How to Prevent a Torn ACL
The ACL (anterior cruciate ligament) is one of the four main ligaments in our knee joint which provides stability to the knee. Of the all four fibrous bands, an ACL tear or rupture is the most common knee injury. Continue reading for helpful insight from San Francisco ACL Doctor, Dr. Jeffrey Halbrecht.
ACL injuries are most often seen in athletes playing soccer, football, volleyball, and basketball since the knees are the most utilized joints in these high demand sports that involve constant knee twisting, planting and changing direction.
Children are more likely to injure their anterior cruciate ligaments since they are the most athletically active. In some studies, it has been shown that women are nearly three times more at risk of suffering ACL injuries than men.
If you have ruptured your ACL, you may require ACL surgery for reconstruction of the ligament or another type of knee surgery to regain full function of your knee.
How to Reduce Risk of ACL Injury?
Before understanding the ways to minimize the risk of ACL injuries, one should understand how the ACL injury occurs. ACL injuries most often occur in the sports field due to sharp, cutting movements or sudden change in direction. A ligament can also be damaged due to awkward landing, falling on the snow or in a road accident.
Here are some steps that you can take to help reduce your risk of ACL injuries for your children:
- Leg muscle strengthening
- Neuromuscular training
- Time off from your sport
- Warm up routine
- Footwear and orthotics for weaker knees
Several studies demonstrate that leg muscle strengthening exercises and activities including hamstring curls, walking lunges and straight leg lifts. These exercises help you to have a more stable knee joint. A strong and stable knee joint can hold the ligaments firmly in place during sudden movement and twisting actions.
For the ACL injury prevention, athletes, especially females athletes, must undergo neuromuscular (balance and speed) training. It teaches us how the knee should move when landing, jumping and pivoting. Studies show that neuromuscular interventions reduce the risk of ACL injuries by approximately fifty percent.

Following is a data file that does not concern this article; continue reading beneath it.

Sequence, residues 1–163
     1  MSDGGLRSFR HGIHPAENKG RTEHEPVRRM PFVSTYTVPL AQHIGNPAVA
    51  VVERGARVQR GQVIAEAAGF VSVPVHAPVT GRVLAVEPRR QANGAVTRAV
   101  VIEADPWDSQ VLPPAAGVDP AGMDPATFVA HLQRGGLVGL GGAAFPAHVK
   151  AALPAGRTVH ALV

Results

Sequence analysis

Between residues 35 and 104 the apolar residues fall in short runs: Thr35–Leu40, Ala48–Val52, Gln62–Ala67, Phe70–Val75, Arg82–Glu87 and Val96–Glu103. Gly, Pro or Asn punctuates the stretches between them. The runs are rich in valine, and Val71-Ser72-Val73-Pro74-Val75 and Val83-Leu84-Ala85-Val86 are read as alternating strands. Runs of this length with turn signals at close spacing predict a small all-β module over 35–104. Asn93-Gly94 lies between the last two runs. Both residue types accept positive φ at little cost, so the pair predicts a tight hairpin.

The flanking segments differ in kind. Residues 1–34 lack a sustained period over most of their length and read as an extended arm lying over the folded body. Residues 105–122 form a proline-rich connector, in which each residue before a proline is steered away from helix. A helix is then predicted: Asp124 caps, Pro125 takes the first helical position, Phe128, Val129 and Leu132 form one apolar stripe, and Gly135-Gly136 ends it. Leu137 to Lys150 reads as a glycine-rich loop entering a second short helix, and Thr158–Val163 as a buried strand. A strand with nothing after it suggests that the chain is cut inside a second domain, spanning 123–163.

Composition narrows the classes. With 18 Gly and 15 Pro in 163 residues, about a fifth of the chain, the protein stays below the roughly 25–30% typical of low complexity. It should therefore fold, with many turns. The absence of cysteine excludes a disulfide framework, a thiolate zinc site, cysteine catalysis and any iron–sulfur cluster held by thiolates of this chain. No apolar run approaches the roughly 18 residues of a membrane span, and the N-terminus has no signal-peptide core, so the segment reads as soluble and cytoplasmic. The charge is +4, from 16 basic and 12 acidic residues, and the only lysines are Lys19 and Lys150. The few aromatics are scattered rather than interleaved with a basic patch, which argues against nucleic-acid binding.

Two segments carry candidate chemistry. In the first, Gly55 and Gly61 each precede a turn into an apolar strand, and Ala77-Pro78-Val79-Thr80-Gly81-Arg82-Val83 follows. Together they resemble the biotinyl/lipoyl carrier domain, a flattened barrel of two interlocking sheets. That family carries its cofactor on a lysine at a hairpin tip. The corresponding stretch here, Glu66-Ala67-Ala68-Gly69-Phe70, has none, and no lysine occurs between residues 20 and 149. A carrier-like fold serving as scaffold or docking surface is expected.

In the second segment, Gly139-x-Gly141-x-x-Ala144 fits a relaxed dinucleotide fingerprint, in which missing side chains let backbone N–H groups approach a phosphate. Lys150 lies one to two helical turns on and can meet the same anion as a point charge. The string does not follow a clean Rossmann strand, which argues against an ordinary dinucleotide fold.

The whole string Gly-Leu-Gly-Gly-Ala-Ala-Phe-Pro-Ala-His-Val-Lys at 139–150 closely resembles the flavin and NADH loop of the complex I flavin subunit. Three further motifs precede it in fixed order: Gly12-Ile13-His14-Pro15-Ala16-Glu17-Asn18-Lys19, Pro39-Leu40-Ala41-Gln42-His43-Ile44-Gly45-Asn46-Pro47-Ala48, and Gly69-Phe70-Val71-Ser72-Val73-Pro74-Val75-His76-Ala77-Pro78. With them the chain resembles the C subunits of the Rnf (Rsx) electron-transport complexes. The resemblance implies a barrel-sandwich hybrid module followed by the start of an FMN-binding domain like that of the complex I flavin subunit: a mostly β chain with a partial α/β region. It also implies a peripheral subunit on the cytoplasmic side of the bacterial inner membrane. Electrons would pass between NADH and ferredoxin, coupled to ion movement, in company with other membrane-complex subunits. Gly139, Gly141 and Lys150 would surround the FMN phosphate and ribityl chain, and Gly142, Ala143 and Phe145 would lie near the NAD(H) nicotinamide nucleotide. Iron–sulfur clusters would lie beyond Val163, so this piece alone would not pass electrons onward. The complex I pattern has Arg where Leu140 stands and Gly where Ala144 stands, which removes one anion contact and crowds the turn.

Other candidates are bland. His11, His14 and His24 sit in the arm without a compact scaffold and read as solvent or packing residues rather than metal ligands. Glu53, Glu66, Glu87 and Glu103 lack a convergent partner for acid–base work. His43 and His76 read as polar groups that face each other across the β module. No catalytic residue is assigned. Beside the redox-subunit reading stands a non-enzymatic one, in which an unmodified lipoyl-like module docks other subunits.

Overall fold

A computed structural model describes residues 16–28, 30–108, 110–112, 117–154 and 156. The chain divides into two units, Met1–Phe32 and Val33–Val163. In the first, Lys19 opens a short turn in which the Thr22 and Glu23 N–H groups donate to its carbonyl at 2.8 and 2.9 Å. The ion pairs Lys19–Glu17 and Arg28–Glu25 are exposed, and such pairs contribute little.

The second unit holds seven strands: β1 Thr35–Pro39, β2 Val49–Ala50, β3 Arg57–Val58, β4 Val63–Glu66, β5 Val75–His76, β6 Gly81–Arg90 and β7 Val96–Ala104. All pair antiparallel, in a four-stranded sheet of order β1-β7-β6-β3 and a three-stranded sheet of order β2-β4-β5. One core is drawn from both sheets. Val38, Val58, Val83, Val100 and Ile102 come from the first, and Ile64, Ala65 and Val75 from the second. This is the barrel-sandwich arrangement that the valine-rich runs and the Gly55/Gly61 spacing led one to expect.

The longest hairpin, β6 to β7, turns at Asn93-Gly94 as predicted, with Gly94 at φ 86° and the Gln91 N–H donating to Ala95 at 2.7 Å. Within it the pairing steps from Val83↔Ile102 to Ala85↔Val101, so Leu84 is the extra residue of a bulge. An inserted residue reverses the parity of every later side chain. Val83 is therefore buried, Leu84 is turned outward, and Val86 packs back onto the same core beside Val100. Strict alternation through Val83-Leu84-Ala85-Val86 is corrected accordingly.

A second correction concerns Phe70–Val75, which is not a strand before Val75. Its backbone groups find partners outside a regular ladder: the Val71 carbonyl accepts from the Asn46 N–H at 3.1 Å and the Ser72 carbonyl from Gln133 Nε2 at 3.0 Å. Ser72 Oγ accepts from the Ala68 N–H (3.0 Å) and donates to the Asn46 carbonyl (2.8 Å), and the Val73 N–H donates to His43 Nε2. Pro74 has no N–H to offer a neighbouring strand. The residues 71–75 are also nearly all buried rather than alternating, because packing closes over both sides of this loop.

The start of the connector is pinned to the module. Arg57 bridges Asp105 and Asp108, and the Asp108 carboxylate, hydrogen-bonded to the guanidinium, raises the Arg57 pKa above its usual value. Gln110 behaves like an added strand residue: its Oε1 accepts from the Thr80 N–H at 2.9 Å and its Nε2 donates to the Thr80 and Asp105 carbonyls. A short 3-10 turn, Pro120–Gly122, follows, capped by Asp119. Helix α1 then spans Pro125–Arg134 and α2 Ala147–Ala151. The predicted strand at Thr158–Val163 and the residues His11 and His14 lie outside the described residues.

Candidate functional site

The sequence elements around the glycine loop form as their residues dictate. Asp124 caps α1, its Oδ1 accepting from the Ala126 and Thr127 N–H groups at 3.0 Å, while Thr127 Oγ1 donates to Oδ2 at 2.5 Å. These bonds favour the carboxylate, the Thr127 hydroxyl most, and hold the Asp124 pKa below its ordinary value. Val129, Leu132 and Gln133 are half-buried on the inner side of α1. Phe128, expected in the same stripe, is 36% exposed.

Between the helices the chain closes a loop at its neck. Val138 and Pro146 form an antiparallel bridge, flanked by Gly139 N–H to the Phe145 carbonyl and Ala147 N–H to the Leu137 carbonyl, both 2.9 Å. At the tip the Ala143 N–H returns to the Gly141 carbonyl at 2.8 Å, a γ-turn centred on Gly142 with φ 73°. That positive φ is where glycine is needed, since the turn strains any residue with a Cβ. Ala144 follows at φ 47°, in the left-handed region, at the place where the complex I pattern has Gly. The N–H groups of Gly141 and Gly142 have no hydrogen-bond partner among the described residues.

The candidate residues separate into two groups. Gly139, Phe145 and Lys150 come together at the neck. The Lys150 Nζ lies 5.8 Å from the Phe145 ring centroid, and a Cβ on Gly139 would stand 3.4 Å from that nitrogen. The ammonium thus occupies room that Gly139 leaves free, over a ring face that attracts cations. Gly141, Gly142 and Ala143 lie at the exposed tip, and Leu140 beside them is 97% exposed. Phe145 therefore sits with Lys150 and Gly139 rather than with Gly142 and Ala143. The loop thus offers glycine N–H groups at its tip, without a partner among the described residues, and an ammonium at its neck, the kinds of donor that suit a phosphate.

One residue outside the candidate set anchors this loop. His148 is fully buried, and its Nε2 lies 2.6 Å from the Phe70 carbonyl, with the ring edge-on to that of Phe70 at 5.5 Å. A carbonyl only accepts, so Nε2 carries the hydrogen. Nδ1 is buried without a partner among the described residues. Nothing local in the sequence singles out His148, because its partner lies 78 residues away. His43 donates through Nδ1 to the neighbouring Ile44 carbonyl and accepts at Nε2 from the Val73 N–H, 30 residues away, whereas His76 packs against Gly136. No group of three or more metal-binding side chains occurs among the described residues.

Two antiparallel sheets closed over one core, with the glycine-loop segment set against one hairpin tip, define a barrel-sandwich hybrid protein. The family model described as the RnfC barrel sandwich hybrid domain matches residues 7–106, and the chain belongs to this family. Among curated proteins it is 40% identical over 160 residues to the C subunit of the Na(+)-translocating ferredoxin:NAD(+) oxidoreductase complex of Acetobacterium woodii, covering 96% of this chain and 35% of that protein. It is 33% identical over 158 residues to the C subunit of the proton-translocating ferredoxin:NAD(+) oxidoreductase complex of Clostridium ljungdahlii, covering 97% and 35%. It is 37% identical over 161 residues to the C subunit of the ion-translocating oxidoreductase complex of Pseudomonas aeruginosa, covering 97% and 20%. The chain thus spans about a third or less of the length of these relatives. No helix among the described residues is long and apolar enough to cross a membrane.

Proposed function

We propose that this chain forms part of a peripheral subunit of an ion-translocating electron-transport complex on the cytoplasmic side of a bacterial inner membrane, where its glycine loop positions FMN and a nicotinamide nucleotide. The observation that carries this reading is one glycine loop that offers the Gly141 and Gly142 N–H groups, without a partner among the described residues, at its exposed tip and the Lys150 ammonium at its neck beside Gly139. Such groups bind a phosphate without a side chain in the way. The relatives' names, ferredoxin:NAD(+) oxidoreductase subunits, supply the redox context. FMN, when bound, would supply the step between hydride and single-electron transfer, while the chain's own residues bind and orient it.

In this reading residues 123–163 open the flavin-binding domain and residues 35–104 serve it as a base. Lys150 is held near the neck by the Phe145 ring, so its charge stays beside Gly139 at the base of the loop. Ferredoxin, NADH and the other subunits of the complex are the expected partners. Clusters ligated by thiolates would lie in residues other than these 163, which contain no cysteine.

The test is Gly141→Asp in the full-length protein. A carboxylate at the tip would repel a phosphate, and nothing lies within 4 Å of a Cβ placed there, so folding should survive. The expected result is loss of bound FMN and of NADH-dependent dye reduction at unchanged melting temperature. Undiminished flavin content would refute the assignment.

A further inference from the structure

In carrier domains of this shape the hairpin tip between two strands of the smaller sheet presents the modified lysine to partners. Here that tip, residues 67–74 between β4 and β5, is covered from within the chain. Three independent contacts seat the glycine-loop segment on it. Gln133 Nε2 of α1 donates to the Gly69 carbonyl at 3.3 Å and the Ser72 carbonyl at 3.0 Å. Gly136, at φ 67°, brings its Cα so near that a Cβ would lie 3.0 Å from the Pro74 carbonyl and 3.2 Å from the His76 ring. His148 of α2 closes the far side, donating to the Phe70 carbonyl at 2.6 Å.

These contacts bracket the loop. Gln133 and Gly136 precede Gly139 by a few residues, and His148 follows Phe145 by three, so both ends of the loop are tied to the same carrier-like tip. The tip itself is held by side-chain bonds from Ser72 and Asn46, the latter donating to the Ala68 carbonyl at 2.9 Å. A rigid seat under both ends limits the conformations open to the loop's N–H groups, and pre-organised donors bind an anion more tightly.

An athlete needs sufficient time to rest in-between training and games. If an athlete overstresses his/her body, it’s possible that the tissues and ligaments will eventually break down.
If your child has a weak knee or feels any instability in the knee, wearing the appropriate athletic shoe or a brace can improve his\her comfort and confidence level, and most importantly, protect the knee from instability injuries. If your child gets an ACL injury, visit an ACL specialist right away.
To reap the benefits of strength building exercises and neuromuscular training, you need to add warm-ups and stretching to your fitness program. Stretching and warm-up sessions allow you to prepare for activity and warm up your muscles before the high-demand physical activity. They also increase your flexibility and greatly reduces your risk for ACL injury.
Contact San Francisco ACL Surgeon Dr. Jeffrey Halbrecht at IASM
For the best medical attention if ACL injuries occur, contact ACL surgeon Dr. Jeffrey Halbrecht in San Francisco. For questions or concerns, contact us today at (415) 923-0944 or fill out our online contact form here.